Australian Manny Stul named EY Entrepreneur of the Year
Manny Stul, Chairman and Co-CEO of Melbourne’s Moose Enterprise, was recently named EY World Entrepreneur of the Year 2016 at a ceremony held in Monaco’s Salle des Etoiles.
The child of Polish refugee parents, Stul worked in construction before starting his first business, a gift company called Skansen. He took over Moose, a toy company, in the year 2000. At the time it had just 10 employees.
In his 16 years at the helm, Stul has increased Moose’s sales by 7,200 percent and established a global enterprise that is now the fourth largest toy company in Australia and, by sales, the sixth largest in the US.
Moose sells its toys, including the popular Shopkins characters, in more than 80 countries worldwide.
Rebecca MacDonald, Founder and Executive Chair of Just Energy Group and Chair of the World Entrepreneur of the Year judging panel, said:
“Our unanimous decision was reached after long and tough deliberations. Manny was our choice, not only due to his impressive growth, but also because the business he has nurtured has shown sustained global success. His mettle was tested when Moose faced a product recall that would have overcome less resilient and well-managed businesses.
“All of our finalists were worthy winners and demonstrated so many qualities that we were looking for, including an ability to respond to disruption. However, it was Manny who impressed us most across our diverse judging criteria.”
This marks the second year in a row that a former refugee was given the EY award. Last year’s winner was Mohed Altrad of construction products supplier Altrad Group.
Stul himself said of the win: “I’m honored and delighted to receive this prestigious award for Moose, our employees and for Australia. I was up against an amazing group of entrepreneurs and have been inspired by their stories. We are a company that succeeds by focusing on innovation with integrity and a clear purpose to make children happy.”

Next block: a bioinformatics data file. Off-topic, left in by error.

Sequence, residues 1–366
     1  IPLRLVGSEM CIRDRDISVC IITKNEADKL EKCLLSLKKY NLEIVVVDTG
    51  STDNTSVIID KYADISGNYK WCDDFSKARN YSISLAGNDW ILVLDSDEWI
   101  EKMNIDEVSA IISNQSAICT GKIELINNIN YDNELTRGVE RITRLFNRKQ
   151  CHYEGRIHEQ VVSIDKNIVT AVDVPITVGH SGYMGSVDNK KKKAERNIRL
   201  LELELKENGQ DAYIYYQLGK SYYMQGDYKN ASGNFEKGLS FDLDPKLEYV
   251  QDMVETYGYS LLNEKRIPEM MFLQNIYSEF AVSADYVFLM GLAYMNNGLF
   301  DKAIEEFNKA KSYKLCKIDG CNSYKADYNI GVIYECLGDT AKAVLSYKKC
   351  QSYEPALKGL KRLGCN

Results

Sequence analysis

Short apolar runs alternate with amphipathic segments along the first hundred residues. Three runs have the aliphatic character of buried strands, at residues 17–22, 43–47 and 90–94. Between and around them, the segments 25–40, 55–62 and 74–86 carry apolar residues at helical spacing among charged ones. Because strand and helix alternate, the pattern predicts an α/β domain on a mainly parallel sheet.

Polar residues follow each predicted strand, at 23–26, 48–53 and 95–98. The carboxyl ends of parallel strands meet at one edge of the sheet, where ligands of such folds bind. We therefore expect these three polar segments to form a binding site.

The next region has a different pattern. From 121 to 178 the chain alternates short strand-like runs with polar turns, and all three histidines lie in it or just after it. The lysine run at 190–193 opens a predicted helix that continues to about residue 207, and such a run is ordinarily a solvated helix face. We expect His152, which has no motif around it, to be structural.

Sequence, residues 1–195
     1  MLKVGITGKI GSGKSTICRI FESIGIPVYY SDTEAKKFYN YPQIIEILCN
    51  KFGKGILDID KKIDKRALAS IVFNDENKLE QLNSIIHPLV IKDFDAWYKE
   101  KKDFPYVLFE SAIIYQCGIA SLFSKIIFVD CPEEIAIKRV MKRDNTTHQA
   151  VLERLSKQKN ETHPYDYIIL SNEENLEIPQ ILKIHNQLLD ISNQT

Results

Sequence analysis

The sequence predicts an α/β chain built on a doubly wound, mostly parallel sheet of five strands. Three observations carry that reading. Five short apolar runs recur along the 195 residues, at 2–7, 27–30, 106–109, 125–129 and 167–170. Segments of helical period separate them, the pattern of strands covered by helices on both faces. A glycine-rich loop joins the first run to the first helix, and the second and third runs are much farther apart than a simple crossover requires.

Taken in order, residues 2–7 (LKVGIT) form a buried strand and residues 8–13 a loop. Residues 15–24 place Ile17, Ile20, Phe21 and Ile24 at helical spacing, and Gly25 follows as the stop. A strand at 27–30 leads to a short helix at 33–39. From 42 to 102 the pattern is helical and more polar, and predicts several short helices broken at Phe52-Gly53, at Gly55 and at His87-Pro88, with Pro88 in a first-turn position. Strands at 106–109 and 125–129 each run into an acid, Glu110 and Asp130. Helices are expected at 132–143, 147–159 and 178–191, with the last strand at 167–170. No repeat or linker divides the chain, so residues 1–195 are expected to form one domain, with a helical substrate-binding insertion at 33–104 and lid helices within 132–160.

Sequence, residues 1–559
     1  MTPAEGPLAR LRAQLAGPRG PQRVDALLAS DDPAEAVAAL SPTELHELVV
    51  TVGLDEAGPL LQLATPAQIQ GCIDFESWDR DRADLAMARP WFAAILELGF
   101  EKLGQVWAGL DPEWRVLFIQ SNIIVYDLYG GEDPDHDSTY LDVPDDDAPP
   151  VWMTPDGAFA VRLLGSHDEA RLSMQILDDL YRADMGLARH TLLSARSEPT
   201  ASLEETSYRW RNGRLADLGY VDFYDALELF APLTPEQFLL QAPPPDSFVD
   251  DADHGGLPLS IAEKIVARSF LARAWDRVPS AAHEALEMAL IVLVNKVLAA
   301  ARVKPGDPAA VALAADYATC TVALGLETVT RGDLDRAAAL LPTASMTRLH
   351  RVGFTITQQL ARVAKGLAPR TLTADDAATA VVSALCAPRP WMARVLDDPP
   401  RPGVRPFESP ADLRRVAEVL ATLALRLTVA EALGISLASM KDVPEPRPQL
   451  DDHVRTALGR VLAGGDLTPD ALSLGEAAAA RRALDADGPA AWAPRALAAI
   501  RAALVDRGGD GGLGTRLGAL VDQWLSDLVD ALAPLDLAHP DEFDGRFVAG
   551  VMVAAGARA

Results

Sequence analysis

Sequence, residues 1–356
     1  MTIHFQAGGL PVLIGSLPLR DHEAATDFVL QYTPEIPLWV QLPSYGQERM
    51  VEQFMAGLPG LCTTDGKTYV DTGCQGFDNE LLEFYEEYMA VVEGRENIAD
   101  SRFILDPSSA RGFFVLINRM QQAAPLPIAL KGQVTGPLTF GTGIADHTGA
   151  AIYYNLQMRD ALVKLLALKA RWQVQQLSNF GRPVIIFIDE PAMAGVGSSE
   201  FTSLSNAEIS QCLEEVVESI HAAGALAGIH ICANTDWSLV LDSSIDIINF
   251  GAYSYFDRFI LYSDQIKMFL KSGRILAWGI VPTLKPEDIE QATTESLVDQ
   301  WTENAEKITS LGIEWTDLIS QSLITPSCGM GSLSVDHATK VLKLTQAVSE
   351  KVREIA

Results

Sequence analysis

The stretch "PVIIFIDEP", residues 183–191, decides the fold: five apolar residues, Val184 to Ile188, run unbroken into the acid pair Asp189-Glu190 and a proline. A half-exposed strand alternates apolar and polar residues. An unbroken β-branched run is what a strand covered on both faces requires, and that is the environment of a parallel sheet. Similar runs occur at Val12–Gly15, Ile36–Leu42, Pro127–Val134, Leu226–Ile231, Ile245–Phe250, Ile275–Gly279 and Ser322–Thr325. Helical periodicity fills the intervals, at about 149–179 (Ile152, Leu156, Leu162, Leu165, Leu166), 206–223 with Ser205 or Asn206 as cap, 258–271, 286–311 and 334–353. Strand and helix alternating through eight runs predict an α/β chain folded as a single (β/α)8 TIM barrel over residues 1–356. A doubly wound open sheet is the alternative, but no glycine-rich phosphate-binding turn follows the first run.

Business Chief Legend: Ho Ching, CEO of Temasek
Ask Singaporeans who Ho Ching is, and the majority will answer the ‘wife of Prime Minister Lee Hsien Loong’. And that’s certainly true. However, she’s also the CEO of Temasek Holdings, Singapore’s sovereign wealth fund, and one of the world’s largest investment companies.
Well, she is until October 1, 2021, as she recently announced she would be retiring following 16 years as CEO of the investment giant.
Since taking the reins in 2004, two years after joining Temasek as Executive Director, Ho has gradually transformed what was an investment firm wholly owned by Singapore’s Government into an active investor worldwide, splashing out on sectors like life sciences and tech, expanding its physical footprint with 11 offices worldwide (from London to Mumbai to San Francisco) and delivering growth of US$120 billion between 2010-2020.
Described by Temasek chairman Lim Boon Heng as having taken “bold steps to open new pathways in finding the character of the organisations”, Ho is credited with building Temasek’s international portfolio, with China recently surpassing Singapore for the first time.
As global a footprint as Ho may have however, she has her feet firmly planted on Singapore soil and is committed to this tiny city-state where she was not only educated (excluding a year at Stanford) but has remained throughout her long and illustrious career – first as an engineer at the Ministry of Defence in 1976, where she met her husband, and most notably as CEO of Singapore Technologies, where she spent a decade, and where she is credited with repositioning and growing the group into the largest listed defence engineering company in Asia.
It’s little wonder Ho has featured on Forbes’ annual World’s Most Powerful Women list for the past 16 years, in 2007 as the third most powerful woman in business outside the US, and in 2020 at #30 worldwide.
But it’s not all business. Ho has a strong track record in Singapore public service, serving as chairman of the Singapore Institute of Standards and Industrial Research and as deputy chairman of the Economic Development Board; and is a committed philanthropist with a focus on learning difficulties and healthcare.
As the pandemic kicked off, she not only led active investments in technology and life sciences, with German COVID-19 vaccine developer BioNTech among the most recent additions to Temasek’s portfolio, but through the Temasek Foundation – the firm’s philanthropic arm which supports vulnerable groups close to Ho’s heart, handed out hand sanitiser and face masks.
So, you would be forgiven for thinking that at age 68, Ho might simply relax. But in March 2021, just as she announced her retirement from Temasek, Ho joined the Board of Directors of Wellcome Leap, a US-based non-profit organisation that’s dedicated to accelerating innovations in global health. Not ready to put her firmly grounded feet up yet it seems.